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Published on August 4, 2017

How I Bounced Back From a Fiasco

How I Bounced Back From a Fiasco

“It’s fine to celebrate success but it is more important to heed the lessons of failure.” Bill Gates

20 years ago, I went through a deep teenager crisis which completely disrupted my life trajectory. From being best student in class and a competitive judo player, I became the shadow of myself, dropped out of school, and picked up multiple addictions.

This experience changed my life forever. I was only 18 but I thought back then that I was like already dead and would never feel joy again. Surprisingly, though, this fiasco turned out to be the most fruitful phase of my life.

It started as a reaction to a minor tension between my parents. I was probably not mature enough to understand and accept what was going on. As a result, the paradigm of success I had at the time was not making sense any longer and it exploded in pieces.

In a desperate attempt to numb the pain, I indulged into self-destruction. I stopped sport competitions, started to smoke, first a cigarette, then a joint, then a bong, etc. I was hanging out with the wrong crowd.

I needed meaning but could not find it anywhere. I had picked up philosophy classes but what they were teaching there seemed superficial and did not answer my questions –or my distress. I dropped out of university after a month.

I felt increasingly isolated. I stopped talking to people. I would just write notes to my mother. I had built a hut in the forest where I would spend most of my time, in the loneliness of my morbid thoughts. So when people say “If only I could be 18 or 20 again…”, I think to myself that it was actually the worst time of my life.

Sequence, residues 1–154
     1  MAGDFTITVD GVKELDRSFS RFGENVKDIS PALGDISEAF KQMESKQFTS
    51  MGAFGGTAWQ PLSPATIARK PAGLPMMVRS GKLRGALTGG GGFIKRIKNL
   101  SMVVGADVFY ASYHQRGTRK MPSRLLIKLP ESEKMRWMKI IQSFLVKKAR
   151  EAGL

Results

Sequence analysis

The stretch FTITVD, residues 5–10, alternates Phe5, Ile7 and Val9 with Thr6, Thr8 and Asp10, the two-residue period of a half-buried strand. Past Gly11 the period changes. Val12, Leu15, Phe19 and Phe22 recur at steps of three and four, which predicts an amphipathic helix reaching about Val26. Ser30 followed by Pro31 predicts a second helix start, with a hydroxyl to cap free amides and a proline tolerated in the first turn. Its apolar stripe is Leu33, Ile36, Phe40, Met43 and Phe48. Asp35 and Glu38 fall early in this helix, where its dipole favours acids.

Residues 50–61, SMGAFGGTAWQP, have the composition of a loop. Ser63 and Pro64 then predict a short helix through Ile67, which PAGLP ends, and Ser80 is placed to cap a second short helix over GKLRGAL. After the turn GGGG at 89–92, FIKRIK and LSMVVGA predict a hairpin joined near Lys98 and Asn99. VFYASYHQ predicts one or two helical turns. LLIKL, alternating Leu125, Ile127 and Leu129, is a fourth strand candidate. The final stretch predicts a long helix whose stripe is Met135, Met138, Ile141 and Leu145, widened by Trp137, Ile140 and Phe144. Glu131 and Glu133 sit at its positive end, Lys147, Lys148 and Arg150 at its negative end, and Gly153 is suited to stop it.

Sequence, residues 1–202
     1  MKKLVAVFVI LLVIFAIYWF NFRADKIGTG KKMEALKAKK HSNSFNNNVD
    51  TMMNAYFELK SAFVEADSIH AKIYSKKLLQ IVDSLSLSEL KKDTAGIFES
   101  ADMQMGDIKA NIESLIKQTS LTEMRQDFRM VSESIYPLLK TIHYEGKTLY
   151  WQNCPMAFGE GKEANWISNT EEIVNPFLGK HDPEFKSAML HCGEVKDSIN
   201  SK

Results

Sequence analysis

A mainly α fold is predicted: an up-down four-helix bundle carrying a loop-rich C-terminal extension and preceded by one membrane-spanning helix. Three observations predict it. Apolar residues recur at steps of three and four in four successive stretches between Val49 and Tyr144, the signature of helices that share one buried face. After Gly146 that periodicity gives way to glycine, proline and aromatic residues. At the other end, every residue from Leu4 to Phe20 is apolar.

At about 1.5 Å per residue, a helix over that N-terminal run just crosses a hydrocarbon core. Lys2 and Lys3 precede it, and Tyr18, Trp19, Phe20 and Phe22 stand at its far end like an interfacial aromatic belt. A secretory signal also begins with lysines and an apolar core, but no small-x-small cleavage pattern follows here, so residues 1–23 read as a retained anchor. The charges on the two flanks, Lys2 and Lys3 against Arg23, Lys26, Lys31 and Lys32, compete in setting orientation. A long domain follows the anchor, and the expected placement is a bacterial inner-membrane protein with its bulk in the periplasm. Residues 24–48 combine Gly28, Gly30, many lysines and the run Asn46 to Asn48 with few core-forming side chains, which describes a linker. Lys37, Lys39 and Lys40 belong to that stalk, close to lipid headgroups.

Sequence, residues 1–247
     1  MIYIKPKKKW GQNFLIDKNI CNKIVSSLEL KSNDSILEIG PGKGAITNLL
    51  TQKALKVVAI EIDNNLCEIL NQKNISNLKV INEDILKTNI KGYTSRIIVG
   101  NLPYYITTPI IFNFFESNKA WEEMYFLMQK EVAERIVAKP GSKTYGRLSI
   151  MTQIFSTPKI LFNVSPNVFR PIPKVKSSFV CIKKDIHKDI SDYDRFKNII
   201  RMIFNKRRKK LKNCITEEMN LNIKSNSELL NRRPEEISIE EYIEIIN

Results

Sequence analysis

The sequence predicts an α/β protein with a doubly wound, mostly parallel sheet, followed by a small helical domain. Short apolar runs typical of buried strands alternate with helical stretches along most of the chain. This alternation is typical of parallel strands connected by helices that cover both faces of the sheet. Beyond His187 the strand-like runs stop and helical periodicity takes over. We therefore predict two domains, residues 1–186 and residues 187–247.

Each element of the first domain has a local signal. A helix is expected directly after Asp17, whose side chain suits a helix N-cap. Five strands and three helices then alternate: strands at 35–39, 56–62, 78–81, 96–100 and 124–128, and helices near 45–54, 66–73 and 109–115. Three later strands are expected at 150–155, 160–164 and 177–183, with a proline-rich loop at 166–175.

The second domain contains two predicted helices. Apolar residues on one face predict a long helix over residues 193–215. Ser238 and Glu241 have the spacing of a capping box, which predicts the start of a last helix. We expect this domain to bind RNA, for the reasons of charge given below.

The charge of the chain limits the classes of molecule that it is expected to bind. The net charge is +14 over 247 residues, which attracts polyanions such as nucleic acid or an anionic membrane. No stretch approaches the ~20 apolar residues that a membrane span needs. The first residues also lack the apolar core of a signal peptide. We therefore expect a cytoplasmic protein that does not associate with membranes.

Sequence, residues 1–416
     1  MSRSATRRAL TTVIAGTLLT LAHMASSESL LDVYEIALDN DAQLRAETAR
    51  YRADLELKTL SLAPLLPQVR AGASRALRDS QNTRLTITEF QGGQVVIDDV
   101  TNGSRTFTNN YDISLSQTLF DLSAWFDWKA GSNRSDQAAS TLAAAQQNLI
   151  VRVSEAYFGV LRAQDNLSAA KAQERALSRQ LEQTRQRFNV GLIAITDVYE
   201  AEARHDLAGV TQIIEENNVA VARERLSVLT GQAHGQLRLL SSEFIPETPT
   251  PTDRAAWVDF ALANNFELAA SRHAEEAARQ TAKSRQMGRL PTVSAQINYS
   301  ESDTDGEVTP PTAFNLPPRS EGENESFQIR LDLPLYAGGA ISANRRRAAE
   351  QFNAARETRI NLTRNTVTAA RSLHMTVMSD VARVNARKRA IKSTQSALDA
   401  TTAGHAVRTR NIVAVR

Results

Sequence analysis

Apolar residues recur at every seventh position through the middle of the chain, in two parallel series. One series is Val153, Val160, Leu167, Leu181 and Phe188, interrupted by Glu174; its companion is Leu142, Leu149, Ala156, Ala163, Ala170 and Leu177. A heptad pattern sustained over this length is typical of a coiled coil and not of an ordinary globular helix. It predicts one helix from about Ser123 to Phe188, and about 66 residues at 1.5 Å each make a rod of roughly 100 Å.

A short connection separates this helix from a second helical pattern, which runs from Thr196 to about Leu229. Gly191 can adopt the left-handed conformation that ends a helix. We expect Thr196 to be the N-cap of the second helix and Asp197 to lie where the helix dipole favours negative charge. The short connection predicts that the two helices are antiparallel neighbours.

It took me some time to recover. My parents had the wisdom not to push me. I did not want any help. They were confident that I would somehow get back on track. The odds seemed against them at that time. But actually they were right. I made it through.

In retrospect, I realize that there were many steps involved in getting over failure and building my life back. Let me try and share them with you.

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1. Give up the victim mindset

When something bad happens, we tend to picture ourselves as victims. As a result, we adopt a passive attitude: if the world did us wrong, then it should also make things better again for us. It is as if we were trying to convince ourselves that there is nothing we can do to bounce back. After all, it is a comfortable thought: if there is nothing we can do about it, we have nothing to do but bemoan our fate.

The first step in my “recovery” process was a mindset shift. I simply realized that nothing was going to change by just waiting for it. I had been through tough times but I could not expect the solution to come from outside. I had to hold myself accountable for what was coming next. No one will look after you if you don’t start by looking after yourself.

This realization did not come overnight. It took me almost a year to get there. Of course it was frightening. When you are at the bottom, you can’t fall lower. If you try to come back up, you expose yourself to failure again.

But the biggest risk at this stage was not to take any risk at all. By maintaining self-destructive behaviors, I would just lose any chance of a better life. What did I have to lose but the hell I was living in?

I had touched the bottom and pushed it with my foot. I was ready for action and committed myself to getting back to the surface. There was a long way to go.

    2. Change the setting

    Our lives are deeply influenced by our environment. The place where we live, the people we know, etc. They are part of our identity; they are constant reminders of who we have been to date. To a certain extent, they anchor us in our past.